Our family finding team will work with you to find the best solution for your family, but it’s important to consider your availability first.

What are the Realities of Working and Foster Parenting?

July 6th, 2020
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‘Can you work and foster?’ Is a popular question, but the reality about working and becoming a foster parent isn’t always straightforward. Many foster carers dedicate themselves to fostering full-time, while others continue to work. There’s no hard and fast rule when it comes to working and fostering, but there are some important considerations to take into account when you’re deciding to become a foster carer.

As with most decisions regarding foster care, the best interests of the child and the foster family need to be kept front of mind.

Putting the child’s best interests first

Children in foster care often come from unstable backgrounds where they’ve experienced abuse or neglect. The chance to give a child the safe and stable home they deserve is one of the great joys of becoming a foster carer – and to do that, you must be able to provide consistent care.

The most important element to consider is the child’s wellbeing. To give foster children the best chance, young children can’t be in full-time day-care, and school-aged children shouldn’t spend their morning and afternoons in preschool and after school care. There are exceptions, of course, such as older children who are in homework clubs or sports clubs – it all depends on what’s appropriate for the child.

A foster carer’s ability to meet the needs of a foster child is considered during the assessment process. Our family finding team will work with you to find the best solution for your family, but it’s important to consider your availability first.

If you work, flexibility is essential

Foster carers need to be able to drop their child off at school in the morning and be there to pick them at the end of the school day. They need to be able to stay home if their child is ill, and accommodate school holidays and days off.

That need for flexibility if you have a job is the main reason why many foster carers don’t work full time – but there are exceptions. Some work environments are adaptable enough to offer carers a flexible schedule, such as freelancers and contractors who make their own hours and can change plans at short notice. Other carers have readily available support networks that can step in when needed, like actively involved parents who live nearby.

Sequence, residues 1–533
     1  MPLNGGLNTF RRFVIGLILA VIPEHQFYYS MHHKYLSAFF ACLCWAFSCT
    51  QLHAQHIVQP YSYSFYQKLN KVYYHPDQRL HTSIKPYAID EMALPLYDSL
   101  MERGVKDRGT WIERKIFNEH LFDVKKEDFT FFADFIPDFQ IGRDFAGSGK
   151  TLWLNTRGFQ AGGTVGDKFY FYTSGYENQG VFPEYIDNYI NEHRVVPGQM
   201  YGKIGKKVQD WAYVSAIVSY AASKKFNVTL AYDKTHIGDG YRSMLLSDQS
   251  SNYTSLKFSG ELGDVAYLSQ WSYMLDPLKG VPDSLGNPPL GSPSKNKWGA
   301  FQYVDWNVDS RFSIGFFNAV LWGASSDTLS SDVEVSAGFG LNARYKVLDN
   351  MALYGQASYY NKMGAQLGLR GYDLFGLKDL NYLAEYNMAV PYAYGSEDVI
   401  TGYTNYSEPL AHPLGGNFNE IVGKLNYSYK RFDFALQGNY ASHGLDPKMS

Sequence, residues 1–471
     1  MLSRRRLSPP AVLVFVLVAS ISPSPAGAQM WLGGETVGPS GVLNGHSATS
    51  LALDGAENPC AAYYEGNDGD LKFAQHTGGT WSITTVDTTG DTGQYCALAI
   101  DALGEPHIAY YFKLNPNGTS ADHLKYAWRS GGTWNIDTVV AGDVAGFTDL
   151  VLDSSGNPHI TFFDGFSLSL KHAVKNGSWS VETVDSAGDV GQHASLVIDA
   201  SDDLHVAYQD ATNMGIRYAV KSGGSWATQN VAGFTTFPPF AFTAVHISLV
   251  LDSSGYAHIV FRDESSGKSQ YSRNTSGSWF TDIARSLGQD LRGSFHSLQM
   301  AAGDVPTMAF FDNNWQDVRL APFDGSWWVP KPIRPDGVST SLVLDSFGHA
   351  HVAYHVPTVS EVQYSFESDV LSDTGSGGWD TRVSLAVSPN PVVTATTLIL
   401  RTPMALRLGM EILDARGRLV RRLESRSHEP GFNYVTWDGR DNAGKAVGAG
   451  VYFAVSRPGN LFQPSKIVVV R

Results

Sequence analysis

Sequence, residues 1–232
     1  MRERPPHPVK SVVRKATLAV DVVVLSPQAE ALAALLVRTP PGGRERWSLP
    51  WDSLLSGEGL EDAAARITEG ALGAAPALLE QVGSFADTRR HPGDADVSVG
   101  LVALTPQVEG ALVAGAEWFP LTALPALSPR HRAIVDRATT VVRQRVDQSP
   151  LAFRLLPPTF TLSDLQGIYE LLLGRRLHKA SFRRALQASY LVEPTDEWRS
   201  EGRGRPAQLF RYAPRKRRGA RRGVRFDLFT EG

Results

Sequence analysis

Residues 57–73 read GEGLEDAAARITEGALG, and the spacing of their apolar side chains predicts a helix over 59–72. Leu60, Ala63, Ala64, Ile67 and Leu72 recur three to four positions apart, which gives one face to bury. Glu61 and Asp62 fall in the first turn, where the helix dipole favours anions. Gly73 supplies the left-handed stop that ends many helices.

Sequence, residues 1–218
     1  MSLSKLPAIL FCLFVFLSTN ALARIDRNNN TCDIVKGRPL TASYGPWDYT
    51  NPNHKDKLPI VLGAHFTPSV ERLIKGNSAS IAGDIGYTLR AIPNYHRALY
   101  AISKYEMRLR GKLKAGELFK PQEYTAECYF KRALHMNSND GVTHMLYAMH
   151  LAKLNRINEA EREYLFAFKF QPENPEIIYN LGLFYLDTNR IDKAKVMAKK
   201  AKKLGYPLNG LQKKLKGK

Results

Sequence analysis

Working full time and fostering can be tricky, but if you have the right support network in place, this can be a lot easier.

Have a plan

If you join the Compass Fostering family, it’s important to consider your situation carefully to figure out how you’d meet the needs of your foster child. If you want to continue working, plan ahead for inevitable situation.

Review plans for school pick up and drop off, and figure out how your child will be looked after when they’re ill or off school. Identify your support network and have clear contingency plans in place. All these concerns will be covered in your assessment, so it’s best to have an idea of how you’d manage them ahead of time.

Foster parent support

At Compass Fostering, we support our carers financially with a fostering allowance and benefits. In fact, many of our carers foster full time thanks to our allowance, which covers the day-to-day costs of looking after a child as well as a professional fostering fee, and generous tax breaks.

We also support foster parents professionally by giving carers the opportunity to build careers in fostering.

The professional positions available with Compass include ambassadors and educators:

  • Carer Support Ambassadors support foster carers in different localities, helping them with specific needs identified by the social work team, such as transport or IT.
  • Educational Ambassadors support educational outcomes for foster children by giving advice, offering coaching and mentoring, and attending meetings as representatives for foster carers and children.
  • Experiential Educators work mostly on a one to one basis with children in care who are unable to attend school. They teach skills like cooking and lead experiential activities that encourage independence.Language Ambassadors work with children and carers whose first language is not English, including children seeking asylum or disabled children who use other forms of communication such as British Sign Language or Makaton.
  • Recruitment Ambassadors are the face of the Compass Fostering family! They attend events to talk to people about fostering, distribute flyers and attend meetings with our recruitment team. They help spread the word about fostering so we can find a home for every child who needs one.

Every foster parent’s situation is different, and every foster child’s needs are unique. Some foster carers work, while many others don’t. No matter your situation, our recruitment and family finding teams will always consider what’s best for each individual child and each foster family.

If want to know more about can you work and be a foster carer with Compass Fostering, please get in touch to request an information pack.

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  • You must have a spare room in order to foster.